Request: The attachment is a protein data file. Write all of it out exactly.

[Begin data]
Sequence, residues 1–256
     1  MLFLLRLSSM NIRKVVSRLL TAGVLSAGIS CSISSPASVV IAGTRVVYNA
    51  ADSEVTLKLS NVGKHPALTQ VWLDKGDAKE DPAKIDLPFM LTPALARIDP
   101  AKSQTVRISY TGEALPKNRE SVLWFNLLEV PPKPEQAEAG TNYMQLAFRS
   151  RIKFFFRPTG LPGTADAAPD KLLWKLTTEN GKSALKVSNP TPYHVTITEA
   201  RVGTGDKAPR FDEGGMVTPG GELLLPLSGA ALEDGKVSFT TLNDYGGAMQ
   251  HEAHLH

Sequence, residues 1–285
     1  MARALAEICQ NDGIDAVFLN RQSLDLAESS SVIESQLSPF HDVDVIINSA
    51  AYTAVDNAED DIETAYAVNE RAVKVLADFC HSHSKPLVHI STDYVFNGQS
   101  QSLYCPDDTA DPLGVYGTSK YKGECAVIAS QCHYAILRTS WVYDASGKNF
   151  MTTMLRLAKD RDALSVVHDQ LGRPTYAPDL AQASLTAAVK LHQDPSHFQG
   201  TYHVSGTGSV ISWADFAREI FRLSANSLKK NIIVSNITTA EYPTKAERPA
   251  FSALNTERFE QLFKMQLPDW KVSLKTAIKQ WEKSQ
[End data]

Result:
Sequence, residues 1–256
     1  MLFLLRLSSM NIRKVVSRLL TAGVLSAGIS CSISSPASVV IAGTRVVYNA
    51  ADSEVTLKLS NVGKHPALTQ VWLDKGDAKE DPAKIDLPFM LTPALARIDP
   101  AKSQTVRISY TGEALPKNRE SVLWFNLLEV PPKPEQAEAG TNYMQLAFRS
   151  RIKFFFRPTG LPGTADAAPD KLLWKLTTEN GKSALKVSNP TPYHVTITEA
   201  RVGTGDKAPR FDEGGMVTPG GELLLPLSGA ALEDGKVSFT TLNDYGGAMQ
   251  HEAHLH

Sequence, residues 1–285
     1  MARALAEICQ NDGIDAVFLN RQSLDLAESS SVIESQLSPF HDVDVIINSA
    51  AYTAVDNAED DIETAYAVNE RAVKVLADFC HSHSKPLVHI STDYVFNGQS
   101  QSLYCPDDTA DPLGVYGTSK YKGECAVIAS QCHYAILRTS WVYDASGKNF
   151  MTTMLRLAKD RDALSVVHDQ LGRPTYAPDL AQASLTAAVK LHQDPSHFQG
   201  TYHVSGTGSV ISWADFAREI FRLSANSLKK NIIVSNITTA EYPTKAERPA
   251  FSALNTERFE QLFKMQLPDW KVSLKTAIKQ WEKSQ